Review: A Psalm for the Wild-Built by Becky Chambers

Review: A Psalm for the Wild-Built by Becky ChambersA Psalm for the Wild-Built (Monk & Robot, #1) by Becky Chambers

Published by Tor.com Tom Doherty Assoc. on July 13th 2021
Pages: 147
Goodreads

Centuries before, robots of Panga gained self-awareness, laid down their tools, wandered, en masse into the wilderness, never to be seen again. They faded into myth and urban legend.

Now the life of the tea monk who tells this story is upended by the arrival of a robot, there to honor the old promise of checking in. The robot cannot go back until the question of "what do people need?" is answered. But the answer to that question depends on who you ask, and how. They will need to ask it a lot. Chambers' series asks: in a world where people have what they want, does having more matter?

A Psalm for the Wild-Built by Becky Chambers was recommended to me by Moon and Aurelie (and many more who loved it and said it in passing). Moon said it was ‘so me’, and she was right.

The book follows Sibling Dex as they leave the city to become a tea monk. But even after they’ve become a good tea monk, with several blends, happy customers, and a solid routine, something is missing. Crickets. An extinct species, last seen near the remnants of a sanctuary for the Six gods. When Dex leaves the path to go into the wilderness, he meets Splendid Speckled Mosscap, a sentient robot who wants to learn more about humans. It’s the first interaction between a human and a robot in centuries.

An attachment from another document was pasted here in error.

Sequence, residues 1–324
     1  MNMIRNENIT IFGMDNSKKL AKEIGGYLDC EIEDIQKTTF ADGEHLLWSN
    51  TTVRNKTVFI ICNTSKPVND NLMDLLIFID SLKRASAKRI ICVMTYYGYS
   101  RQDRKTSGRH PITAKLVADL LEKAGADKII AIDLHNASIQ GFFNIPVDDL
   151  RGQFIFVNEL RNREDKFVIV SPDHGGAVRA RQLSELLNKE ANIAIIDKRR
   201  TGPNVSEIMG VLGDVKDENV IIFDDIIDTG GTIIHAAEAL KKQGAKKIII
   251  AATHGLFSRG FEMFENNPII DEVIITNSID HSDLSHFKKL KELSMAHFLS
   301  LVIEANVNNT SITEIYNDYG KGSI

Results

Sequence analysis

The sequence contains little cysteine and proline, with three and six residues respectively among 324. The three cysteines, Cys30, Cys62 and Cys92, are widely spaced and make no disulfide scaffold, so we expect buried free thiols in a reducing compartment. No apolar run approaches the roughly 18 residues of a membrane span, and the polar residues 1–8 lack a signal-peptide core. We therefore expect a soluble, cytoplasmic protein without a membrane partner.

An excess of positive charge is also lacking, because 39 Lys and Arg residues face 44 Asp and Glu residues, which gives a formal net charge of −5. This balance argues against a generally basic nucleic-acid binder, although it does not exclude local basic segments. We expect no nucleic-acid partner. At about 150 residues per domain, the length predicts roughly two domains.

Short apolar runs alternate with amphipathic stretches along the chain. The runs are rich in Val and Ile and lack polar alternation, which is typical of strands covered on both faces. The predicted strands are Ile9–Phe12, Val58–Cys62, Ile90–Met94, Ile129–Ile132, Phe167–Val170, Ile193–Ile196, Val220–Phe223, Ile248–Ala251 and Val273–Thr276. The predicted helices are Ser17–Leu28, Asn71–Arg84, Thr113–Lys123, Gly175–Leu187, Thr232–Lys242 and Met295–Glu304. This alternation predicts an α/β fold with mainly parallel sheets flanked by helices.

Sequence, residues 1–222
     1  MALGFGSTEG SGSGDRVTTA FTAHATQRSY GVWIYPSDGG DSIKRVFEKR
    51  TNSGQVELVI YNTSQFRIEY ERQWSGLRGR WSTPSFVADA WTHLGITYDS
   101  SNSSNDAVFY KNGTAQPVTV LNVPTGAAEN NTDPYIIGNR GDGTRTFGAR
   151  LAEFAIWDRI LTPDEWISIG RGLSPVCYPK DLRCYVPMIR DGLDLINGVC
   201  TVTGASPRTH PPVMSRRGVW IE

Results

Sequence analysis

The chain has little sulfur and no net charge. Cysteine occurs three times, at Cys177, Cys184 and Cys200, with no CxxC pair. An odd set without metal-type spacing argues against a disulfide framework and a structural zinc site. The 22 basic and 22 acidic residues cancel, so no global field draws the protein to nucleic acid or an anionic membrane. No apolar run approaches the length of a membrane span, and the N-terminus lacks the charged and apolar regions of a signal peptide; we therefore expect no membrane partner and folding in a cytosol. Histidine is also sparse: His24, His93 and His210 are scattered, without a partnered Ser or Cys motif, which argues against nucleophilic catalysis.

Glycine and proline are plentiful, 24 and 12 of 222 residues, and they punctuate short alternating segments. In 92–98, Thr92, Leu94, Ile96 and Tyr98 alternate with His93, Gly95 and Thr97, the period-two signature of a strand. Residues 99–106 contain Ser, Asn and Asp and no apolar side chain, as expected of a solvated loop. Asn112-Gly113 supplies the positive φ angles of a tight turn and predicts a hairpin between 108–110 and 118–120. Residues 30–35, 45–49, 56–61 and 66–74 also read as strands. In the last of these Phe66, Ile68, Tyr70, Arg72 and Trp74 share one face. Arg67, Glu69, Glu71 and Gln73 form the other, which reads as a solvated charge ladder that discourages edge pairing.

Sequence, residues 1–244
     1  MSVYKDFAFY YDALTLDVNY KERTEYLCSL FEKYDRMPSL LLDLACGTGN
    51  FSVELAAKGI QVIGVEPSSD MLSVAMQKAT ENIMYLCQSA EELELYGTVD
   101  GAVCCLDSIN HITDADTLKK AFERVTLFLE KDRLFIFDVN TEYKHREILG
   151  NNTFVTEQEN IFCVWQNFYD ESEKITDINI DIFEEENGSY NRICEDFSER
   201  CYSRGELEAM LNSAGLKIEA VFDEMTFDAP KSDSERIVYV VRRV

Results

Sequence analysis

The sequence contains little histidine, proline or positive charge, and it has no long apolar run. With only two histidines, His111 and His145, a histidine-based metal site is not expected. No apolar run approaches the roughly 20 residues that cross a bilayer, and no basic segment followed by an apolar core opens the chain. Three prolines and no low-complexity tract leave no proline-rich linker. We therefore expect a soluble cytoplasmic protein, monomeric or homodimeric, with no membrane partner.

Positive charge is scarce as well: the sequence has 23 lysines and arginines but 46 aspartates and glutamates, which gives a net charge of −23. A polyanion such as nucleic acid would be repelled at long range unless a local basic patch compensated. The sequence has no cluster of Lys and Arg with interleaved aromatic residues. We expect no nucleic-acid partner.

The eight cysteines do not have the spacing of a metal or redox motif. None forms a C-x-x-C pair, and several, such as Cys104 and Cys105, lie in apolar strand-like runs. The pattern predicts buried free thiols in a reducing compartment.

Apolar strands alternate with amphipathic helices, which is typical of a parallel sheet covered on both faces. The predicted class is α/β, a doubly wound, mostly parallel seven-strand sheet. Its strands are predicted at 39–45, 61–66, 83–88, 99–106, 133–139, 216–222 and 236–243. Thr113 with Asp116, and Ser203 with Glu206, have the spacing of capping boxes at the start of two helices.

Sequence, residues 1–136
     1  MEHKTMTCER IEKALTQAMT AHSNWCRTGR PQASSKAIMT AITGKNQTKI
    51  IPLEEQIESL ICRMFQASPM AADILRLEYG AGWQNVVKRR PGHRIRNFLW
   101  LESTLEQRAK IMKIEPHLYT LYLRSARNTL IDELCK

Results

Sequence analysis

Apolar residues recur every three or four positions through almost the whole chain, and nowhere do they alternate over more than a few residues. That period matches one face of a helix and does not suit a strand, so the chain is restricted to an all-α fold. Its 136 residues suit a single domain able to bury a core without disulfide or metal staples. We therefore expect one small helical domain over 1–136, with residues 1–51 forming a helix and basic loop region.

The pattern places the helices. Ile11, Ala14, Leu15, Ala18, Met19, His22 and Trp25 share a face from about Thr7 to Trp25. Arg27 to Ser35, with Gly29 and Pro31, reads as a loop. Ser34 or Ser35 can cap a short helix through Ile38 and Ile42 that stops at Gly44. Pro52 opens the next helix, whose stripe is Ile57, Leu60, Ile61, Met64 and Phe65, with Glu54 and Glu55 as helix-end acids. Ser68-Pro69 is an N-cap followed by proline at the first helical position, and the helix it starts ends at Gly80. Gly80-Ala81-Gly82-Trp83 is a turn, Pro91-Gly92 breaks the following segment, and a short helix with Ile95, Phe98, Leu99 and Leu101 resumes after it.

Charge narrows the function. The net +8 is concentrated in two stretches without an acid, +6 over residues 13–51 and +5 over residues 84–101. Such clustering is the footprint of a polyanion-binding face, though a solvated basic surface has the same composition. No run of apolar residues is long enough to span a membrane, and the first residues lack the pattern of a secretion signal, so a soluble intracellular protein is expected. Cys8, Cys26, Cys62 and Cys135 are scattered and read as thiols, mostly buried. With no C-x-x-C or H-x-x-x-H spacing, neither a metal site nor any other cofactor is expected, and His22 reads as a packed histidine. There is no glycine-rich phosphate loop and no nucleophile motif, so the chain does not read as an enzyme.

The human and robot relationship has interested me since I first saw The Matrix. I didn’t quite understand it but after having watched it dozens of times, and learning more about the world through the Animatrix, I think I understand better. Philosophy, ethics, and morality are all part of understanding that relationship. The conversations between Dex and Mosscap touch on these various topics in addition to figuring out how each other’s world works. The robots are still around, although not in the original builds. They invented death to still be part of the cycle of nature.

All of this is wrapped in a neatly written novella with a world full of wonder, characters that are interesting, and a religion I want to know more about. Not all of my questions were answered by the end of the book but that’s fine. I don’t mind being left with a sense of wonder, not just about the world, but what’s going to happen next.

I give A Psalm for the Wild-Built 5 stars. I loved the tranquillity, the questions, and the topics Dex and Mosscap discussed. Becky Chambers is excellent and serves the story well. Even in the short format, she knows how to convey just enough to make the world seem alive. I can’t wait for the next one.

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